Train for a marathon

Race, Marathon, Runners, Athletes

All of us know that cardio activities, like running, are fantastic for your health. Getting into a running routine will improve your well-being on numerous levels, both physically and mentally. The best thing to do would be to set a goal and then put together a running plan.

Even in case you don’t currently run at all, it can take as little as 6 months to train for these races. Most cities have 5K races on a regular basis, and they generally support good causes. Or, simply make it your goal to run 3.1 miles in 6 months. So, set your sites on a goal, and then follow this simple, 6-week training plan.

Week 1

Workout

Start simply by choosing four days to run, or walk, 0.5 miles. If you choose to walk, do so at as fast a rate as you are comfortable with.

Strength-Building

You should also plan to perform two days of light strength-building. Strength-building is extremely important when training for a race because it builds the muscles needed for continual running. You do not have to lift heavy weights and bulk up. The weight of your own body or, light, free weights, will be more than enough. You can do this in the comfort of your own home with free weights or a yoga mat, or, if you have access to a gym, use their machinery.

Diet

During this first week it is a good idea to also start adding healthy foods into your diet and this gives you energy as you run. Avoid greasy and heavy foods that can make you feel exhausted and drain your energy. Foods, like fruits, nuts, and vegetables are great for high nutrition energy.

Week 2

Workout

Now that you’ve made it through your first week, up your mileage to 1 mile, three or four times weekly. Try to run the whole way if you can, even if it’s at a very slow pace.

Strength-Building

Continue to strength-build double this week. Yoga is a excellent strength building activity as it is a complete body workout that many overlook. It’s also a great workout for runners, because it stretches the muscles out that tend to get tight, as you build your running distance.

Diet

Continue to incorporate healthy foods into your diet. Definitely eat when you are hungry, but remember that running one mile just burns 100 calories, so snack wisely.

Week 3

Workout

Add another half mile to your run. You’re up to 1.5 miles today!

Strength-Building

Continue to strength-build twice a week. You may want to add core exercises, such as planking, or sit-ups.

Diet

Continue to incorporate healthy foods to your diet. Make sure to drink plenty of water before and after you workout.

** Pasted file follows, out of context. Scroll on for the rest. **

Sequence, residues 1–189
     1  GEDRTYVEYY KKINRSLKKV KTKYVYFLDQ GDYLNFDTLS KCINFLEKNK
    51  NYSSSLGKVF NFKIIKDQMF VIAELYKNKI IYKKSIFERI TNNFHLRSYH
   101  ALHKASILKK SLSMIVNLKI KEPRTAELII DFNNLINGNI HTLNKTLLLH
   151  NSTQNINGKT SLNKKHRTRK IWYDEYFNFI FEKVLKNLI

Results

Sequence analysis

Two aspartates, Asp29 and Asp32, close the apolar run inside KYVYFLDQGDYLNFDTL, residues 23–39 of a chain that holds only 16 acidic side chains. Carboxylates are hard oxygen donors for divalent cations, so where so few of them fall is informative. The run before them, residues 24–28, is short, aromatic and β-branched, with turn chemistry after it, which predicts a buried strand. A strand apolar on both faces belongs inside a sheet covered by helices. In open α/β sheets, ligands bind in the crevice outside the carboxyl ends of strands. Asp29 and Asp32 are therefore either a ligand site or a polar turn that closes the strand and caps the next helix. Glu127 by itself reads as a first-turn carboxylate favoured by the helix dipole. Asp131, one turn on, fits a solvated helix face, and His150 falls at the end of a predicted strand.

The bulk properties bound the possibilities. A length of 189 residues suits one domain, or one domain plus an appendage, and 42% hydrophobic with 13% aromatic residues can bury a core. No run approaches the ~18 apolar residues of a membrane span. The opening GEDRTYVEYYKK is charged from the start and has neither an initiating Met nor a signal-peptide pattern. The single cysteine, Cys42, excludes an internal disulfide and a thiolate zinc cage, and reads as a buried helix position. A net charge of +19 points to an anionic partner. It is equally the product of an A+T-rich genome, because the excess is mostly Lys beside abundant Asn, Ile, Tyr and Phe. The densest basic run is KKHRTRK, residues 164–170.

Week 4

Workout

Just three short weeks ago you couldn’t run at all. You can now boost your mileage to 2 miles, three times each week.

Strength-Building

Continue to strength-build twice a week. Attempt to board for 45 seconds.

Diet

Think about making good tasting post-workout smoothies. All you need is frozen fruit, a liquid, such as fruit juice, or milk, and your good to go. Also consider adding greens into your smoothie, like spinach, or kale – they are jam-packed with anti-oxidants.

Week 5

Workout

Almost there! Boost your mileage up to 2.5 mph. Now that you are going longer distances make certain to stretch very well before, and after, each exercise.

Strength-Building

Continue to strength-build twice a week. Try to plank for 60 seconds.

Diet

Try to replace them by drinking organic coconut water, which is high in potassium. Potassium is an essential electrolyte for runners.

Week 6

Workout

Now you’re ready for the final leg of your practice. You are up to 3 miles this week! Try to run 3 times this week, providing yourself a break day and two strength-building days.

Strength-Building

Diet

Continue to eat healthful foods. A day, or two, until the race, make sure that you don’t eat anything too heavy, or out-of-the-ordinary. You don’t want to have to deal with an upset stomach on race day.

Week 6+

Hopefully, after finishing your 6 weeks of instruction, you feel great, both inside and out. Running can truly be transformative. Don’t stop at 5K. Or, if you’re feeling more ambitious, you may set your goals higher and begin to train for a 10K (6.2 miles) and, possibly even a Half Marathon (13.1 miles). Just continue to increase your mileage and pay attention to your runner’s diet and you’ll reach your next goal in no time!

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